Evolution #1:

» First, evolution can mean that the life forms we see today are different than the life forms that existed in the distant past. Evolution as “change over time” can also refer to minor changes in features of individual species — changes which take place over a short amount of time. Even skeptics of Darwin’s theory agree that this type of “change over time” takes place.

Evolution #2:

» Some scientists associate the word “evolution” with the idea that all the organisms we see today are descended from a single common ancestor somewhere in the distant past. The claim became known as the Theory of Universal Common Descent. This theory paints a picture of the history of life on earth as a great branching tree.

Evolution #3:

» Finally, some people use the term “evolution” to refer to a cause or mechanism of change, the biological process Darwin thought was responsible for this branching pattern. Darwin argued that natural selection had the power to produce fundamentally new forms of life. Together, the ideas of Universal Common Descent and natural selection form the core of Darwinian evolutionary theory. “Neo-Darwinian” evolution combines our knowledge of DNA and genetics to claim that mutations in DNA provide the variation upon which natural selection acts.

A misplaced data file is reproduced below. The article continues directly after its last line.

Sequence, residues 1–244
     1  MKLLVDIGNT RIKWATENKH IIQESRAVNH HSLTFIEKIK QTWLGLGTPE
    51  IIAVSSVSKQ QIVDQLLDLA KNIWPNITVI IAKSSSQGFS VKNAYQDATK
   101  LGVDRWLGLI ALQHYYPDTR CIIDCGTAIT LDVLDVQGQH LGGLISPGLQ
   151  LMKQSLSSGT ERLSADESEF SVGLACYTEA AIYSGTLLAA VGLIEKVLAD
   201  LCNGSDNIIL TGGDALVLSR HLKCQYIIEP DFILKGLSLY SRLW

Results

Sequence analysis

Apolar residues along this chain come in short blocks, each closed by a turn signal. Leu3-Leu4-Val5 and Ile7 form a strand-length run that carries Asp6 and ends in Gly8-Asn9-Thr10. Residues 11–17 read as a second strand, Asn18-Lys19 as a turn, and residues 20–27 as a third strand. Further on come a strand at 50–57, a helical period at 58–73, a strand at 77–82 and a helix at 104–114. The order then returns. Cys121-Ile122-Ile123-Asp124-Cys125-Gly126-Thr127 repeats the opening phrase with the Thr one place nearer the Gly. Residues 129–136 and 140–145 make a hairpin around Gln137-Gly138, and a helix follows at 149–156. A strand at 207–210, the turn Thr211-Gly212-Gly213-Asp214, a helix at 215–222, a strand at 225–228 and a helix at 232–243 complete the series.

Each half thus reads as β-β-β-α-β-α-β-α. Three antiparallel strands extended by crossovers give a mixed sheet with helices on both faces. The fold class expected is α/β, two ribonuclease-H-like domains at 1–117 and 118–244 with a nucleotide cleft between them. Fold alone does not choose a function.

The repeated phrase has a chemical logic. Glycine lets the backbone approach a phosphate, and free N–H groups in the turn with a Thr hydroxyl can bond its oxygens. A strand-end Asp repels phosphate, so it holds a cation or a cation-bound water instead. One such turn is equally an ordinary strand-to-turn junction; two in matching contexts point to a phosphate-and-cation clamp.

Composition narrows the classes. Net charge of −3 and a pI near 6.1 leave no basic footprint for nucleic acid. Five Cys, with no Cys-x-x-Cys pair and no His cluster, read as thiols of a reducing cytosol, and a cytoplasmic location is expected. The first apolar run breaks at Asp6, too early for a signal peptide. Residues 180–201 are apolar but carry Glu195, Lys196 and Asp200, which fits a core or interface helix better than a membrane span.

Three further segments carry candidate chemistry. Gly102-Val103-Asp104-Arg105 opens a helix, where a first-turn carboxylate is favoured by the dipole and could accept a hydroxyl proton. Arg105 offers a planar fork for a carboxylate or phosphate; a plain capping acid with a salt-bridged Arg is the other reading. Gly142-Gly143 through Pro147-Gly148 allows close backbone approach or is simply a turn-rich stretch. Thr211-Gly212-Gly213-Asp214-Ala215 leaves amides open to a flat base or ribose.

When you see the word evolution, you should ask yourself, “Which of the three definitions is being used?” Most critics of neo-Darwinism today focus on Evolution #2 or Evolution #3. But the discussion gets confusing when someone takes evidence for Evolution #1 and tries to make it look like it supports Evolution #2 or Evolution #3. Conversely, someone may discuss problems with Evolution #2 or Evolution #3, but is then falsely accused of rejecting Evolution #1, as well. This is simply not the case, for even biologists who dissent from neo-Darwinism accept Evolution #1.

What Is Intelligent Design?

Intelligent design (ID) refers to a scientific research program as well as a community of scientists, philosophers and other scholars who seek evidence of design in nature. The theory of intelligent design holds that certain features of the universe and of living things are best explained by an intelligent cause, not an undirected process